Fearing that U.S. Attorney General Jeff Sessions will make good on his threat to impose a crackdown on the legal cannabis trade, PNC Bank, one of the largest financial institutions in the United States, has decided to sever all ties with any organization connected to marijuana.
According to the Washington Post, PNC recently told national marijuana advocacy group, the Marijuana Policy Project (MPP), that it was permanently terminating its accounts because an internal audit showed the group distributes funds to assist in efforts to legalize marijuana.
‘‘They told me it is too risky. The bank can’t assume the risk,’’ said Nick Field, MPP’s chief operating officer.
While marijuana is now legal in more than half the nation, it remains an outlaw substance in the eyes of the federal government. It is for this reason that most large, corporate banks will not have anything to do with any business that earn profits from the cultivation and sale of marijuana.
In fact, banking officials typically qualify new accounts by asking company representatives if their dealings are associated with marijuana. This even happens in states where the herb remains illegal under state law.
Therefore, it is beyond the scope of imagination how the Marijuana Policy Project ever managed to secure an account in the first place, especially considering that the organization’s name pulls no punches about its connection to the cannabis movement.
A representative from the American Bankers Association told the Post that most banks do not take into account whether a business is selling marijuana or simply advocating for legalization. If a group is associated with marijuana, that alone is enough to get them turned away.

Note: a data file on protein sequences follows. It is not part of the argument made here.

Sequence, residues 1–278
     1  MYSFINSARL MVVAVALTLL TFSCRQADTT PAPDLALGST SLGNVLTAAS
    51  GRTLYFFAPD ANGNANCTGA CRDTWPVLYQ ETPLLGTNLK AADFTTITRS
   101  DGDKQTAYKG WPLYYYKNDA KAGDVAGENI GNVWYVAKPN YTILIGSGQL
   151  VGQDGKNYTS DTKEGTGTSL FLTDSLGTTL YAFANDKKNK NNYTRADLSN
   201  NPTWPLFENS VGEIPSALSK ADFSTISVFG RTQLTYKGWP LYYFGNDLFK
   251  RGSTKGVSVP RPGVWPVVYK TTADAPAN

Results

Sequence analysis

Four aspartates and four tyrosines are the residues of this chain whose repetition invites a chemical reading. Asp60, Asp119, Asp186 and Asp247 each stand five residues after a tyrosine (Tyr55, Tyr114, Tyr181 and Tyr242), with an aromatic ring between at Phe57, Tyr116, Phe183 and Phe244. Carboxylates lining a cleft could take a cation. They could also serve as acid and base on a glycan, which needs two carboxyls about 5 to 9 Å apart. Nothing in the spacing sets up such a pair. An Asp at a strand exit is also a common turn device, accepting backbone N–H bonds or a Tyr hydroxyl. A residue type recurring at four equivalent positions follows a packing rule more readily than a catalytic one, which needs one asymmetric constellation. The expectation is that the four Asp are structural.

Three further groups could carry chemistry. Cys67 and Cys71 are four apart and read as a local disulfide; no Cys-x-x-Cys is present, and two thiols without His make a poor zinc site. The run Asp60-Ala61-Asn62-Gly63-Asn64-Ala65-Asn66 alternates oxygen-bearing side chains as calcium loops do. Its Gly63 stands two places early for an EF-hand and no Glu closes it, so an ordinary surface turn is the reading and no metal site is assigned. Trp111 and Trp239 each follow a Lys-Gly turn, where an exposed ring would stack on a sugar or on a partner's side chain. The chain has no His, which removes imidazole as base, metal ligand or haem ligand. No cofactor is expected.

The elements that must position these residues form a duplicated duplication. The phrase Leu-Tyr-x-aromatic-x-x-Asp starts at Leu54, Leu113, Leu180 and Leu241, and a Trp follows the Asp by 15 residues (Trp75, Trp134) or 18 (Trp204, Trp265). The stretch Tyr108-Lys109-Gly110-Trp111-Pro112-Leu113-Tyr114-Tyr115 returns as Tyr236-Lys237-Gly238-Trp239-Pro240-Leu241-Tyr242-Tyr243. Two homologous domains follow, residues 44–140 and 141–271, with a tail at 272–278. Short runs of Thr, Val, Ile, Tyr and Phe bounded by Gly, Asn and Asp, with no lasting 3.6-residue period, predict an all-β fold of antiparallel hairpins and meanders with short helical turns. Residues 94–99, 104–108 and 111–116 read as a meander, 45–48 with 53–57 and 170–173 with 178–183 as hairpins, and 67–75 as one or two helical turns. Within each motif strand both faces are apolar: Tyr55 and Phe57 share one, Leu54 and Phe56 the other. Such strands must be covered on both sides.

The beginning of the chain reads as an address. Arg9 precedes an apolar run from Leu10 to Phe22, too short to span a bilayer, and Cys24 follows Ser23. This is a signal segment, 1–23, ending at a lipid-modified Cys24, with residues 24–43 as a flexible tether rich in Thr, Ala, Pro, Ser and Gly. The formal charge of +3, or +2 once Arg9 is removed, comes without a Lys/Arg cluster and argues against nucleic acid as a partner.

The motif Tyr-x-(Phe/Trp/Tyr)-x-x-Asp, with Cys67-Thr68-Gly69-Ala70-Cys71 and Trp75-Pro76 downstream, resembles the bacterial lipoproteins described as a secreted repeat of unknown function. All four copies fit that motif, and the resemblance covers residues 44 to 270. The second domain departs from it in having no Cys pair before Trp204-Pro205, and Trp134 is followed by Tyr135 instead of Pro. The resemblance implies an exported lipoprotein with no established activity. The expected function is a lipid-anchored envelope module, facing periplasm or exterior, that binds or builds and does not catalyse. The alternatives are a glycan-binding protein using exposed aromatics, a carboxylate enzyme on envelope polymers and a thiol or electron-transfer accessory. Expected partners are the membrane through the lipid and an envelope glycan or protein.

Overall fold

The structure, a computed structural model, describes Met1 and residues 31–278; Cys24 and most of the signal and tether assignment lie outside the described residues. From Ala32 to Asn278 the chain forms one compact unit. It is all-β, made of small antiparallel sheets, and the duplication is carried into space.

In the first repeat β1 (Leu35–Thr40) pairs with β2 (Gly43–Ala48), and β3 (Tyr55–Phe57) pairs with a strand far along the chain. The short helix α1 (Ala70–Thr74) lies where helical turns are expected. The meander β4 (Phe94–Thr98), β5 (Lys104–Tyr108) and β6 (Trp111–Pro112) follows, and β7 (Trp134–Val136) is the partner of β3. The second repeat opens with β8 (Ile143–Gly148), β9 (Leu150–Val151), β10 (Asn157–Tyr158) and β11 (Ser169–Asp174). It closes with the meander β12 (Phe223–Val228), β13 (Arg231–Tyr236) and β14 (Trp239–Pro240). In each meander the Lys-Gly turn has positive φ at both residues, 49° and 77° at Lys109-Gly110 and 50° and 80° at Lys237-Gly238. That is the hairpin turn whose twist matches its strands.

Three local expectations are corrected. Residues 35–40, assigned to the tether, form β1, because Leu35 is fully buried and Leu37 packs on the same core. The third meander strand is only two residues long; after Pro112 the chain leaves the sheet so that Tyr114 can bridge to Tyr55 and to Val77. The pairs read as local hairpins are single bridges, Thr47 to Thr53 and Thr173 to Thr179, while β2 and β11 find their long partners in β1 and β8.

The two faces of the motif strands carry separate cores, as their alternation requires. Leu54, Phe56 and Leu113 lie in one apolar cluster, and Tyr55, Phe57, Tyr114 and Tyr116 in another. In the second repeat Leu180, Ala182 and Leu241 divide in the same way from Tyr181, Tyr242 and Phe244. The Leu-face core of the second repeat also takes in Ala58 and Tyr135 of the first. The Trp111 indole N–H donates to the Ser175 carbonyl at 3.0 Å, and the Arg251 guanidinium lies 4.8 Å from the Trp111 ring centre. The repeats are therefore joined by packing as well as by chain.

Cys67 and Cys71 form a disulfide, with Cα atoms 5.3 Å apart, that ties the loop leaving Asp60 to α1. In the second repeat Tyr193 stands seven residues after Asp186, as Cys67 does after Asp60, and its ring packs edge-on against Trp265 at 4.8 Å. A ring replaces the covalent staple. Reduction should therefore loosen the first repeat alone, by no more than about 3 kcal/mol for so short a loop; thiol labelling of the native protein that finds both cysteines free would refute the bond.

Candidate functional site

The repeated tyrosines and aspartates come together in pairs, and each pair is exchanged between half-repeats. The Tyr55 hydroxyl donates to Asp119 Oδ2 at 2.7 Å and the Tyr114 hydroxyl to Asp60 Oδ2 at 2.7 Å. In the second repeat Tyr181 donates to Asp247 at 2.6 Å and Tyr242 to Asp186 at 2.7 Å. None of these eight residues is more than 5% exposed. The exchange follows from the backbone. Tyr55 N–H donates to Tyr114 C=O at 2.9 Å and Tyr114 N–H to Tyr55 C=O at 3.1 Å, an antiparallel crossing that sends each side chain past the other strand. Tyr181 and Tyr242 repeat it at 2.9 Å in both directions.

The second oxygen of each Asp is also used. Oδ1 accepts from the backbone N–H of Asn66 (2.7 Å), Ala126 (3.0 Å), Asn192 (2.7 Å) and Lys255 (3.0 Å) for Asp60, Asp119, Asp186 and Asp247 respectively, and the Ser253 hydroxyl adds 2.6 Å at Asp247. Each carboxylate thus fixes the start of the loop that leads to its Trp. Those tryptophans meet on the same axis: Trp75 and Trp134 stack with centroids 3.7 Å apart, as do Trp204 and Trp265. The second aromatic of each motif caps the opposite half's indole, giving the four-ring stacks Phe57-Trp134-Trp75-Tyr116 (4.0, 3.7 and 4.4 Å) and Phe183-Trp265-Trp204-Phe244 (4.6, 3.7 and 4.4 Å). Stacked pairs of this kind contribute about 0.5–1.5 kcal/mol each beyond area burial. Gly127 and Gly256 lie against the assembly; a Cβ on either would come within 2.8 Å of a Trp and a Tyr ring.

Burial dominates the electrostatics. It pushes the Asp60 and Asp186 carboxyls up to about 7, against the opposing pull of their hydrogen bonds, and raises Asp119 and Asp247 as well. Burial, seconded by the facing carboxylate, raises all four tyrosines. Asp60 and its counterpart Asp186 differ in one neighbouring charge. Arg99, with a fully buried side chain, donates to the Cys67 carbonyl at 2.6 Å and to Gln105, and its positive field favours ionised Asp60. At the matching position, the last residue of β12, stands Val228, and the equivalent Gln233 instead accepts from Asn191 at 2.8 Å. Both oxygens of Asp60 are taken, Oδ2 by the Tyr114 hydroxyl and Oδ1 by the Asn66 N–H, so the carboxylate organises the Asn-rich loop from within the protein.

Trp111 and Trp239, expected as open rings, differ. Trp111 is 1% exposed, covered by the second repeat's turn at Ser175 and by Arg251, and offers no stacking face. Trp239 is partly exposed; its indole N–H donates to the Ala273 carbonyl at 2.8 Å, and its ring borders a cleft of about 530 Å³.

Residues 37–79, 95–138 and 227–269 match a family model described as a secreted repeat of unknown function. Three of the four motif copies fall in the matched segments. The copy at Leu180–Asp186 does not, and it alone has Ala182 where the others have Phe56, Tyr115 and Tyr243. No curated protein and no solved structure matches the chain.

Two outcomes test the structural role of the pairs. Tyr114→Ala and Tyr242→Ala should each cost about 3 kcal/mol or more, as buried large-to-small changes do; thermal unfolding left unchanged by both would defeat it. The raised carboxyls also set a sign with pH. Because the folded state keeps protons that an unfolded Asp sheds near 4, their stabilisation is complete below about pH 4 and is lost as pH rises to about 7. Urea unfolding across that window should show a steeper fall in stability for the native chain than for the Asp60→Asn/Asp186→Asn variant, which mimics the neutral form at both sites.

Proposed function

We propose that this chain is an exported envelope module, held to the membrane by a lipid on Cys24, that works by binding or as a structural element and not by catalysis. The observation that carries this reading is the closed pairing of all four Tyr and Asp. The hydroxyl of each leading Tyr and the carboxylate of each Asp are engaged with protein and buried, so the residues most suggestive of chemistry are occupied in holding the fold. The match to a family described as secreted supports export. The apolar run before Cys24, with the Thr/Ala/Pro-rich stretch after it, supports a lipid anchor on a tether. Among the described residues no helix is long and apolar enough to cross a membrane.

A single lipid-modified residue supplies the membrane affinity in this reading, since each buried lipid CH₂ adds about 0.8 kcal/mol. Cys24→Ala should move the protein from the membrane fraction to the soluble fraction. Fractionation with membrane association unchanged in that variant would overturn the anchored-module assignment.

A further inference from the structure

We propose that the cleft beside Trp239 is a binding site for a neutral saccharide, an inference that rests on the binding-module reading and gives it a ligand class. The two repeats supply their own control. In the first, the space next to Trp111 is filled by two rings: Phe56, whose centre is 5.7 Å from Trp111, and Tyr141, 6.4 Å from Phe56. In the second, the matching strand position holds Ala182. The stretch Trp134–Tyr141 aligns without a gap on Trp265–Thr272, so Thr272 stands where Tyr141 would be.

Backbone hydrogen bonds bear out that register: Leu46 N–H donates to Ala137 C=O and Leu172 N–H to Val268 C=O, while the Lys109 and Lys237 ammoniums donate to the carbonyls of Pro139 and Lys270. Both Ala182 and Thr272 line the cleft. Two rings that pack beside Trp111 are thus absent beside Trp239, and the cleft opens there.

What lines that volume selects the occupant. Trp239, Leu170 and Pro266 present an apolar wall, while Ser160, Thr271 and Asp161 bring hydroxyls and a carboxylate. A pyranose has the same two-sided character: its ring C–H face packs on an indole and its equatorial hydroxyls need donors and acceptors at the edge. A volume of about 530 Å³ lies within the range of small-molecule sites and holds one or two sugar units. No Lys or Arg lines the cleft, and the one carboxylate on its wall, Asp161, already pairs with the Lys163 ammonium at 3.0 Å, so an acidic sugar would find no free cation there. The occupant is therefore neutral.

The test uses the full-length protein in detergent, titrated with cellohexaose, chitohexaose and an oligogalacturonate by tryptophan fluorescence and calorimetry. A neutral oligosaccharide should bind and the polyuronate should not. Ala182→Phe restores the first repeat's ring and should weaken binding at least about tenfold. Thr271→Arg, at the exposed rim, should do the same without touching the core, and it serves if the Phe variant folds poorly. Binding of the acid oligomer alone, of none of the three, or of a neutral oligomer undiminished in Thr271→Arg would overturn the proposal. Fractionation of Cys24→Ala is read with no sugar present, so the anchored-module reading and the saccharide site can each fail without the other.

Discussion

But PNC Bank has handled money for the Marijuana Policy Project for more than the past two decades. So it seems likely that the decision to pull the plug on MPP’s bank accounts is just more fallout stemming from the latest anti-marijuana antics coming from the Trump administration.
It was revealed last week that Attorney General Sessions has been trying to persuade congressional leadership not to renew the only protections the marijuana industry has in place to prevent a federal crackdown.
In a letter referencing a medical marijuana rider known as the Rohrabacher-Farr Amendment, Sessions said, “I believe it would be unwise for Congress to restrict the discretion of the Department to fund particular prosecutions, particularly in the midst of an historic drug epidemic and potentially long-term uptick in violent crime.
“The Department must be in a position to use all laws available to combat the transnational drug organizations and dangerous drug traffickers who threaten American lives,” he added.
Although it has been known for months that Sessions is reviewing federal marijuana policy, quite possibly in an effort to craft a devious plan of attack against the cannabis industry, some advocates believe it was the attorney general’s letter that got PNC running scared.
But do banks really have any reason to be afraid?
The truth is the Justice Department has never even investigated a bank for its connection to legal marijuana.